[Iraqi] people make a direct connection between the failure and the corruption of the Shia political establishment, both politicians and some clerics, and the Iranian interference in Iraqi affairs. Washington Post

Maria Fantappie

Senior Adviser, Iraq (Consulting)
4 Oct 2019
As protests continue to rage across Iraq, both government *and* civic leaders are responsible for charting a way forward and averting new violence. Twitter

Maria Fantappie

Senior Adviser, Iraq (Consulting)
18 Aug 2019
[A rocket attack on Baghdad's Green Zone] was a way to test the limits of the Americans. Whoever did it is aware that the red line for the Trump administration is bloodshed. Financial Times

Maria Fantappie

Senior Adviser, Iraq (Consulting)
15 Jul 2018
Fifteen years after the change of order in Iraq, it’s the same problem. The central government is unable or unwilling to address problems across the board in Iraq. The corruption is endemic, the government’s inability to deal with it is endemic, and the protests are endemic. The Telegraph

Joost Hiltermann

Program Director, Middle East and North Africa
15 May 2018
If the group that is most adamantly in favour of combating corruption [in Iraq] is incapable or unwilling to do anything about it, frustrations could take a different turn. Financial Times

Joost Hiltermann

Program Director, Middle East and North Africa
18 Feb 2018
The [Iraqi] government budget will form the bulk of [the World Bank] money, followed by private investment. Donors are seen as an added boost, not the bulk. The Arab Weekly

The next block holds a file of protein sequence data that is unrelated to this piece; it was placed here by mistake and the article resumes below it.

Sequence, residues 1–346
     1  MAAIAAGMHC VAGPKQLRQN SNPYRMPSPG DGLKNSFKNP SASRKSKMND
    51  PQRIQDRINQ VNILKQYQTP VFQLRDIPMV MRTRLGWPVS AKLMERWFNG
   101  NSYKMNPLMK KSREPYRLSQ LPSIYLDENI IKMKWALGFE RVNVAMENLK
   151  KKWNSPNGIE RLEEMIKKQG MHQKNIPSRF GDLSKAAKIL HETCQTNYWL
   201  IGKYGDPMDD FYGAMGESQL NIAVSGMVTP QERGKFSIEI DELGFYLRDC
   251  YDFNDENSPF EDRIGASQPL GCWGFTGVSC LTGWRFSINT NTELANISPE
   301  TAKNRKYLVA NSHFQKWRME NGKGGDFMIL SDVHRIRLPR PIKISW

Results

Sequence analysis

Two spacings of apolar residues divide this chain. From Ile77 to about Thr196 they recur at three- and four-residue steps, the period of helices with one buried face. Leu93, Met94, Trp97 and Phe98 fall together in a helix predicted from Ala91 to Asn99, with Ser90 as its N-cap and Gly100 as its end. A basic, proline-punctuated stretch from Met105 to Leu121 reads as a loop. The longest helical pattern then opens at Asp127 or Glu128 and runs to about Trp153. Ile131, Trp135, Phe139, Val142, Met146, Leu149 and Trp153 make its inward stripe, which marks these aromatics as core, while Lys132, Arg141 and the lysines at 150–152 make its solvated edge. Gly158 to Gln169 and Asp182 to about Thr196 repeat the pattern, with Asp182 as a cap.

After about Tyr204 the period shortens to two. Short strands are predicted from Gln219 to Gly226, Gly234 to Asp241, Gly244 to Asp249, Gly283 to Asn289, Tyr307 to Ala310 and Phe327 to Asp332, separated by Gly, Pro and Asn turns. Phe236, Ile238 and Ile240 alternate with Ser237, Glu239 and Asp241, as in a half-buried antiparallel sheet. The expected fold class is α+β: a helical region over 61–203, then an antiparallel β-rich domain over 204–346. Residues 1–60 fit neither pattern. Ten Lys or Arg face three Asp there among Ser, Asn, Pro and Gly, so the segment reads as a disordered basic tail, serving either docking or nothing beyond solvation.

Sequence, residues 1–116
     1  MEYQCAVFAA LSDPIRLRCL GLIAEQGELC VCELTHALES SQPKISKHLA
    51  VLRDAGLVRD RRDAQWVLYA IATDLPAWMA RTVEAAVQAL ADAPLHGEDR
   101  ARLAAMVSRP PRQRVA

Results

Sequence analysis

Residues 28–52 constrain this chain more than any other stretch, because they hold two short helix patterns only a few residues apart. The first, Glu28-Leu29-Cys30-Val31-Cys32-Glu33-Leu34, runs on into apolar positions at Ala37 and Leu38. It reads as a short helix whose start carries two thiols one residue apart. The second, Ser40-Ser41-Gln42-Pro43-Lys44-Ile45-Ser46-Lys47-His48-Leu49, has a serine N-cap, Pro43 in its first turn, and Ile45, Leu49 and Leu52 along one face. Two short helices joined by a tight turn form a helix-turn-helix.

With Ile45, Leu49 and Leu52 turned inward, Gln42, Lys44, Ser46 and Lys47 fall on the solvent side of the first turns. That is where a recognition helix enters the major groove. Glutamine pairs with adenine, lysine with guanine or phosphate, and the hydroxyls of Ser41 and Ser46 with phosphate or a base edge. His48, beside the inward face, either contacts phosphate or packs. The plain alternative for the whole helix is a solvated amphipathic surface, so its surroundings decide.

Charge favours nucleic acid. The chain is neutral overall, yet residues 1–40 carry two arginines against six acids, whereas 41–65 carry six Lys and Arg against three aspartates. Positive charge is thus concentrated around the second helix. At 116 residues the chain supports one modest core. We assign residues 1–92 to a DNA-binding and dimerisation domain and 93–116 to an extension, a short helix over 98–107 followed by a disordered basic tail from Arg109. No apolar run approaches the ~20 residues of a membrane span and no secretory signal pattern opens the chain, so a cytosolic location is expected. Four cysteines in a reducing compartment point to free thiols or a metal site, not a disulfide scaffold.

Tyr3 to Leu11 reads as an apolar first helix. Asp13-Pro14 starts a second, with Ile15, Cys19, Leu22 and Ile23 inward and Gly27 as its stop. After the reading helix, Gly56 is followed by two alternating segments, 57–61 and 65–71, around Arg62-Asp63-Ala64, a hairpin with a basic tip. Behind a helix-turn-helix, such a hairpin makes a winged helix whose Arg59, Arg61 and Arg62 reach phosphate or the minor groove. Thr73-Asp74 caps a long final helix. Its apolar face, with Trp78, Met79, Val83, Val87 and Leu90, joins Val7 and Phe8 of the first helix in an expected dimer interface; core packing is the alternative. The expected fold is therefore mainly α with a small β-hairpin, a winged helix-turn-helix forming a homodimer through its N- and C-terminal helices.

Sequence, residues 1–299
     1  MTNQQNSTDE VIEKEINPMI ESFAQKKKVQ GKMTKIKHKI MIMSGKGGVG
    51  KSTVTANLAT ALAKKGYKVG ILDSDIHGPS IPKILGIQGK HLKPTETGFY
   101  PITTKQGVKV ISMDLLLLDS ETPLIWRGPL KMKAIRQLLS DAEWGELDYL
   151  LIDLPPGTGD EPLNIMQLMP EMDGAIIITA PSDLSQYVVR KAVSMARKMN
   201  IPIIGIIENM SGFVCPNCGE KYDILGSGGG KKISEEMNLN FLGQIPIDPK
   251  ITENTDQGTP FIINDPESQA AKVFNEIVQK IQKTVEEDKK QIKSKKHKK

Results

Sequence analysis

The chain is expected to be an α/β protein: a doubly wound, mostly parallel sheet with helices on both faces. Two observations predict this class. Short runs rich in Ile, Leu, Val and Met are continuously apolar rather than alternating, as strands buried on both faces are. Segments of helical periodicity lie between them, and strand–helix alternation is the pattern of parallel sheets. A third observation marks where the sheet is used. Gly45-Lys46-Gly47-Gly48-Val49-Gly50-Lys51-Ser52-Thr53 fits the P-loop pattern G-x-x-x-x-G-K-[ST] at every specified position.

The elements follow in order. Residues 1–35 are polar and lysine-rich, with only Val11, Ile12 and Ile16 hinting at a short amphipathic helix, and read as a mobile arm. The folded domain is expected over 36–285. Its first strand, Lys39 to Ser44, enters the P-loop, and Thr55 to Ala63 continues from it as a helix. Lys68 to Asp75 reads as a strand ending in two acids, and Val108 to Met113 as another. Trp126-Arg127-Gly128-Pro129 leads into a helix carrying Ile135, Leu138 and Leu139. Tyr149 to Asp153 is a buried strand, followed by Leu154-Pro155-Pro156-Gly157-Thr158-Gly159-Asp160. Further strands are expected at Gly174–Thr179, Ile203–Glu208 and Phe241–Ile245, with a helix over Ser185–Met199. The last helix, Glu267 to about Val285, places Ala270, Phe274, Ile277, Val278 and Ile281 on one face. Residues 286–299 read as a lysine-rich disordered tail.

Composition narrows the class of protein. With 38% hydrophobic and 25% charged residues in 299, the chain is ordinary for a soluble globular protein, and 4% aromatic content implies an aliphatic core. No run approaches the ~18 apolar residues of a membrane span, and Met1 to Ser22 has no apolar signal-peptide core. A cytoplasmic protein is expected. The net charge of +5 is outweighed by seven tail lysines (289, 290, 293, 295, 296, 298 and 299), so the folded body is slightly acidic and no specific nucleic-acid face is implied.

Elizabeth Dickinson

Senior Analyst, Colombia

Latest Updates

Assessing the Fatalities in Turkey’s PKK Conflict

Turkey’s ruling party sees recent battlefield and electoral gains as vindicating its hardline policies toward the PKK. But these same policies fuel the Kurdish grievances that keep the fighting going. Ankara would thus be wise to consider exploring ways of winding down the destructive conflict.

After Iraqi Kurdistan’s Thwarted Independence Bid

Backlash to the 2017 independence referendum bolstered family rule within Iraq’s two main Kurdish parties. Internal democracy has eroded; ties between the parties have frayed. Only strong institutions in Erbil and renewed inter-party cooperation can help Iraqi Kurdistan to reach a sustainable settlement with Baghdad on outstanding issues.  

Also available in العربية, Kurdî

A New Generation of Activists Circumvents Iraq’s Political Paralysis

Researching the talks on forming a new Iraqi ruling coalition, our Senior Adviser for Iraq Maria Fantappie finds a country whose youth, women, civil society, officials and even politicians are hungry for bottom-up change to a stalemated, top-down system of governance. 

Also available in العربية

‘Jihadi bride’ doesn’t fit: we need a new language for female militants

Tabloid sensationalism about Shamima Begum flattens important debates about how much agency these women have.

Originally published in The Guardian

Picturing Baghdad

Despite their traumatic history, Iraqis are finding individual and civic solutions to their country’s political failures. Crisis Group photographer Julie David de Lossy visited Baghdad in October-November 2018 and returned with portraits of its people’s search for normalcy.

Our People

Maria Fantappie

Senior Adviser, Iraq (Consulting)